― Koren Zailckas,
Like other books that I’ve reviewed on the blog, I picked up this book in a thrift store. I can’t remember when, but I was drawn to it almost immediately.
This is one of those books that I will keep forever. I think I first read it in high school, but it’s been a good one to re-read.
Koren takes us through her journey with alcohol. She started drinking at age 14, and stopped at 23. I applaud her courage to attain sobriety!
Three words come to mind when I think of her writing: Raw, unapologetic, and real.
Reading this book in high school, I remember thinking to myself, “Well, when I go off to college, I won’t be like that. I won’t go crazy and drink a lot. I might join a sorority, but I’ll be careful.”
Oh, high school Laura Beth. You ate your words.
Let’s back up a bit. I was raised in a family that always had beer and wine in the fridge. Dad usually drank a beer every night after work. Mom enjoyed a glass of wine most nights.
I had my first sip of beer at age 10 in my parents’ kitchen. I was curious, and Dad said I could taste it. Mom was appalled. It was one sip of Natural Light, and it almost made me puke. Despite Mom getting upset, I’m glad that Dad gave me that chance, because after that I told myself I didn’t want to taste that again until I was 21. (In college, I instantly recognized the true nickname of “Nasty Light,” although most frats had it on hand because it was super cheap).
I was allowed small amounts of wine before I turned 21 in the presence of Mom / Dad. It made feel good, and I started to understand how Dad having a beer was a method of relaxation and unwinding after a hard day’s work.
When I first went off to college, alcohol was not on my personal radar. The school was/is very strict about alcohol, with a three-strike policy and education courses if violations occurred. Plus, I knew Mom and Dad were footing most of the bills, and I didn’t want to jeopardize any of that.
However, under the influence of John for three of my four college years, alcohol was involved. My university has a bit of reputation as a party school, being in a small-ish town, and a good majority of students are in sororities and fraternities.
I remember re-reading Smashed at least twice in college, once before I joined Alpha Sigma Tau (AST), and once afterward. It was a striking experience, to say the least. I started to realize how sororities, fraternities, and alcohol mixed and blended together.
I went to several fraternity parties in my four years in school, both before and after turning 21, and before and after joining AST. (I turned 21 in August 2009, and joined AST that fall.) As I got older, I realized that I didn’t need alcohol to be sociable. Eventually, I started to feel disgust at these parties because everyone was getting drunk, wasted, and being incredibly stupid. It was unattractive. I usually remained sober so that I could keep an eye on my younger sisters and make sure no one got into serious trouble. It was embarrassing.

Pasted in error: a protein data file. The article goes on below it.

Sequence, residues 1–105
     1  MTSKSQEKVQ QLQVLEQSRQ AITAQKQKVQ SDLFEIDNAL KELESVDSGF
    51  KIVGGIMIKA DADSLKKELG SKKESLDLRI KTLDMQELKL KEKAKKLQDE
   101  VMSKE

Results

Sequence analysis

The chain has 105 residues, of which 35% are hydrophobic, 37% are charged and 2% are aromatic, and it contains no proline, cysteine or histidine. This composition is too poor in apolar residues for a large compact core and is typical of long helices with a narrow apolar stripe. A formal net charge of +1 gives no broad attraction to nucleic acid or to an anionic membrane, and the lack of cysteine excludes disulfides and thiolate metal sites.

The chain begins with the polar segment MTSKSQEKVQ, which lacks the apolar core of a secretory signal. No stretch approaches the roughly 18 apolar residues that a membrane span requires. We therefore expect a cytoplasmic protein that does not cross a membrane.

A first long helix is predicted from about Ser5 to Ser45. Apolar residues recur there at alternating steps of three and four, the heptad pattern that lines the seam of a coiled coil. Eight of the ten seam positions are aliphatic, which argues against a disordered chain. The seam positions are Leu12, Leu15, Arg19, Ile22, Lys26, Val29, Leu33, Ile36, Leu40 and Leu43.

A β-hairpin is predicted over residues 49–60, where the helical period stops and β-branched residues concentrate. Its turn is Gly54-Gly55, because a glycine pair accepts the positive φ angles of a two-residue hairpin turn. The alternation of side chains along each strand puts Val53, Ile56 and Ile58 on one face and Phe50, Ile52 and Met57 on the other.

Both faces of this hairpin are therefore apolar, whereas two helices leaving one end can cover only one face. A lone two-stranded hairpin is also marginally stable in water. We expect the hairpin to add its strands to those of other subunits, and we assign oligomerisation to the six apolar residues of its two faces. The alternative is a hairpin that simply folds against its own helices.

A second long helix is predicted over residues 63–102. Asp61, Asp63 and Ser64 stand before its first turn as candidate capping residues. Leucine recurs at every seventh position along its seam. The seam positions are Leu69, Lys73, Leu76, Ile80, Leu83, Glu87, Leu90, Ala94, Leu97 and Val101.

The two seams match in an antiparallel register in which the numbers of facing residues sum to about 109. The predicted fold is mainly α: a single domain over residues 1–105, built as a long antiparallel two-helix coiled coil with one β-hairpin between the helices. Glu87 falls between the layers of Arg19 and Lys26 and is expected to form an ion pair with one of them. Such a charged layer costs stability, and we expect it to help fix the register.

Throughout my college experience, I learned a few things along the way:
- Liquor is cheap, and it’s super sweet.
- I’m definitely a lightweight.
- I never truly blacked out at all, but there was one sorority party where I was asked to leave (I learned later it was mainly because of the friends with me, and not me personally), and I passed out cold in my bed. I woke up 12 hours later.
- I was the designated driver for one Saturday night for AST as a senior, and I vowed to never do it again.
- I can clearly see the attraction to alcohol, and it almost makes me sick.
Now, nearly six years removed from college, I can clearly see a culture of alcohol. Not only at my university, but at most other colleges and universities across the U.S. It’s tough to swallow.
Sure, going away to college is a rite of passage, and alcohol is usually involved at some point for nearly every student.
However, I don’t like the idea of getting drunk. To me, it’s sloppy and irresponsible. Also, too many innocent people get hurt or die every day because of drunk or intoxicated drivers.
I do drink, but only occasionally. Alcohol is expensive, and I rarely justify having it in our house. Al doesn’t drink, and that’s been a great thing for me. I usually indulge during parties or social events, but I always have Al drive. If I do drink, I make sure that I eat plenty of food and have water with me. Alcohol does relax me, but I believe that I know my limits.
I like certain beers and usually don’t discriminate with wine, but I stay away from the liquor and mixed drinks – Too many painful college memories. Plus, it’s too sweet for me.
Reading Koren’s words at age 28 was also a different experience. I’m glad that I’ve read this book multiple times. It’s made me reflect on different aspects of my life, and how I’m grateful that my own drinking has never spiraled out of control. However, I’m glad that Koren had the courage to write this book, tell her story, and help others. I’m glad that she has achieved sobriety, and that she is a successful writer.
Koren’s memoir is one that will always be relevant to me, even though it was published 10 years ago. She’s a gifted writer, and I look forward to reading Fury: A Memoir some day soon.
4 1/2 out of 5 stars.
Until the next headline, Laura Beth 🙂